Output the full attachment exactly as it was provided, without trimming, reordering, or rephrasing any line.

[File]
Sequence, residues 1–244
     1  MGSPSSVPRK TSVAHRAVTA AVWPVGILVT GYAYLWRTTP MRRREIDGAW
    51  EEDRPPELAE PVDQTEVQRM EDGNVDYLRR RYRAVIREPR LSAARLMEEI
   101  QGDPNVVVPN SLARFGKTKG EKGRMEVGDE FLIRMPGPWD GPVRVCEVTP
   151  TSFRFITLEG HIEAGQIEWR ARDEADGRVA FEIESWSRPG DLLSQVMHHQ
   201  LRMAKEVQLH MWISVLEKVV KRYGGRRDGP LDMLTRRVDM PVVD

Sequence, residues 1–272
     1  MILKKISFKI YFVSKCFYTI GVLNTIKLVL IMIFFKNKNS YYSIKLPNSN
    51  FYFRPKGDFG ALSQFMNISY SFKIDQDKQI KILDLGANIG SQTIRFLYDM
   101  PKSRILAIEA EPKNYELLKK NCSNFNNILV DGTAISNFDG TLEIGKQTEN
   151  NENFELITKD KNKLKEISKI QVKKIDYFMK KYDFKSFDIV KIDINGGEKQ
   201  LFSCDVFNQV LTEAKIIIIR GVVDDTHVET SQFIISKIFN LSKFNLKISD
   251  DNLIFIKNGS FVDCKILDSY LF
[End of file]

Sequence, residues 1–244
     1  MGSPSSVPRK TSVAHRAVTA AVWPVGILVT GYAYLWRTTP MRRREIDGAW
    51  EEDRPPELAE PVDQTEVQRM EDGNVDYLRR RYRAVIREPR LSAARLMEEI
   101  QGDPNVVVPN SLARFGKTKG EKGRMEVGDE FLIRMPGPWD GPVRVCEVTP
   151  TSFRFITLEG HIEAGQIEWR ARDEADGRVA FEIESWSRPG DLLSQVMHHQ
   201  LRMAKEVQLH MWISVLEKVV KRYGGRRDGP LDMLTRRVDM PVVD

Sequence, residues 1–272
     1  MILKKISFKI YFVSKCFYTI GVLNTIKLVL IMIFFKNKNS YYSIKLPNSN
    51  FYFRPKGDFG ALSQFMNISY SFKIDQDKQI KILDLGANIG SQTIRFLYDM
   101  PKSRILAIEA EPKNYELLKK NCSNFNNILV DGTAISNFDG TLEIGKQTEN
   151  NENFELITKD KNKLKEISKI QVKKIDYFMK KYDFKSFDIV KIDINGGEKQ
   201  LFSCDVFNQV LTEAKIIIIR GVVDDTHVET SQFIISKIFN LSKFNLKISD
   251  DNLIFIKNGS FVDCKILDSY LF